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April 19, 2021

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Mostly peaceful
From The New Criterion September 30, 2020.

Since last we met, the revolution foretold this time last year in these pages (see “Revolutionism redux” in The New Criterion of September, 2019) has reached its kinetic phase, as everyone except the media can plainly see. Actually, the media can see it too, but, acting on the time-honored Marxist-Leninist principle that “truth” is whatever serves the revolution, they find it expedient to deny that the active revolutionaries in the streets of several major cities are anything but “mostly peaceful” protesters. Who are you going to believe, them or your lying eyes? “Violent protests are not the story. Police violence is,” insisted Vox at the end of May, at the beginning of what we were not to call rioting, originally inspired by the death of George Floyd under the knee of policeman Derrick Chauvin in Minneapolis on Memorial Day. And the rest of the media took up the cry: “Two Crises Convulse a Nation: A Pandemic and Police Violence,” wrote Jack Healy and Dionne Searcey for The New York Times, echoing their colleagues Shaila Dewan and Mike Baker who reported that, “Facing Protests Over Use of Force, Police Respond With More Force.”

Clearly, in Times-world, “force” could only be predicated of the police and not the “mostly peaceful” protesters pelting them with rocks and frozen water bottles, among other things. The pretense that it was all about poor George Floyd and the now rich and powerful “Black Lives Matter” syndicate was kept up for weeks in the teeth of photos of largely white crowds carrying placards with a laundry list of left-wing desiderata and anti-Trump hate speech. Mr Trump, who was elsewhere when Mr Floyd was killed and did not approve of his killing, blamed the mob violence on Antifa — which the Times indignantly denied. There was, the paper claimed, “scant evidence” of Antifa’s involvement, though there was no indication that it had made the slightest effort to find any such evidence. The Washington Post repeated the formula the next day: “Scant evidence of antifa shows how sweeping the protests for racial justice have become,” wrote Isaac Stanley-Becker for the Post in mid-June.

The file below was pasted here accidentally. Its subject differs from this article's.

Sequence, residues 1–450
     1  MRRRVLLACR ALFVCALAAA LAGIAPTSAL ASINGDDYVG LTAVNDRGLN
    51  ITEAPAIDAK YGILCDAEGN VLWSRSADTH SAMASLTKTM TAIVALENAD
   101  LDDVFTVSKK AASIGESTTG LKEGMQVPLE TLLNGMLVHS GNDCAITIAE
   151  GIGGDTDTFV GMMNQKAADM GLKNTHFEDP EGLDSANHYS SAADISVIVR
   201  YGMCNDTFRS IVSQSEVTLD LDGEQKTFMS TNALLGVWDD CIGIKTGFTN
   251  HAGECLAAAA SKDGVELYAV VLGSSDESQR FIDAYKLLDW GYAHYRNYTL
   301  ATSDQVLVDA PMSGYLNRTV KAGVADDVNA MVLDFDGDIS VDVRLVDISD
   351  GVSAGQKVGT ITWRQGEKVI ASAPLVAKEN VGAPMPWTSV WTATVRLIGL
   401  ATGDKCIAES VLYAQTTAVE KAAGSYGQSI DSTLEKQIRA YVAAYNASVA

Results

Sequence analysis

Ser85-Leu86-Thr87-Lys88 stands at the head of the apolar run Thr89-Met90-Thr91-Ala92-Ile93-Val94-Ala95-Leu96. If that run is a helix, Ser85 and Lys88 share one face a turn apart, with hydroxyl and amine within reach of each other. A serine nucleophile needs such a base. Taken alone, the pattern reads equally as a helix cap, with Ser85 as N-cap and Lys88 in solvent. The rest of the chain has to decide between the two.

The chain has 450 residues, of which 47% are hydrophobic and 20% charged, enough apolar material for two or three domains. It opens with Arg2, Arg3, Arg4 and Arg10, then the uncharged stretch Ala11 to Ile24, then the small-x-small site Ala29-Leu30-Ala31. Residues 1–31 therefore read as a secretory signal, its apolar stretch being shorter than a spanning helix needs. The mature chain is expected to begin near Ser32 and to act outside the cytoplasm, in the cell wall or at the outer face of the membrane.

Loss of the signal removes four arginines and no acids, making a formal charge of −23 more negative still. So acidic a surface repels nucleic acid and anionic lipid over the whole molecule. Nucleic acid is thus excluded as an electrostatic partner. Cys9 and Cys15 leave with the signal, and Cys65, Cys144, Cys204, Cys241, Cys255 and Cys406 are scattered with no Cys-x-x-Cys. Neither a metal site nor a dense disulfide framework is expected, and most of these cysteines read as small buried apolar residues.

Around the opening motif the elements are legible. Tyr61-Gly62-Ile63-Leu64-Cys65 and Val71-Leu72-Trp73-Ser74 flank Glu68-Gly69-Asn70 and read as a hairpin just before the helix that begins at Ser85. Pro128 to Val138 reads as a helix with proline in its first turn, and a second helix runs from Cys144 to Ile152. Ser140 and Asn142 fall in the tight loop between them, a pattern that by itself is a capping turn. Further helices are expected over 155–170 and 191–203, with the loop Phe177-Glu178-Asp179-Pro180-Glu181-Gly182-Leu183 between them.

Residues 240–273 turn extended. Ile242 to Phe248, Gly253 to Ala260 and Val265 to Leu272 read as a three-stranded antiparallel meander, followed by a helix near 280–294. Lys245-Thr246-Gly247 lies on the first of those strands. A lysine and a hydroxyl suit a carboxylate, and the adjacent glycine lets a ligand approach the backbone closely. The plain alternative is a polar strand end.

At both papers and among their readership there was clearly a powerful will to believe something so preposterous as that the revolutionary mob which has been making sporadic appearances around the country (and rather more continuous ones in Portland) ever since it showed up at Mr Trump’s inauguration was giving the BLM protests a miss — self-isolating at home, perhaps, with jigsaw puzzles and board games. When Senator Tom Cotton wrote an op ed for the Times calling on the President to send in troops to put an end to the rioting and citing Antifa’s involvement, another revolt of the paper’s revolutionary cell which shook the throne of the nominal editor, Dean Baquet, last summer (see “Revolutionism redux, part II” in The New Criterion of October, 2019) led not only to the retraction of the article but the dismissal of its commissioning editor, James Bennet. The retraction cited the paper’s own reporting of Antifa’s non-involvement to justify itself and to discredit Senator Cotton.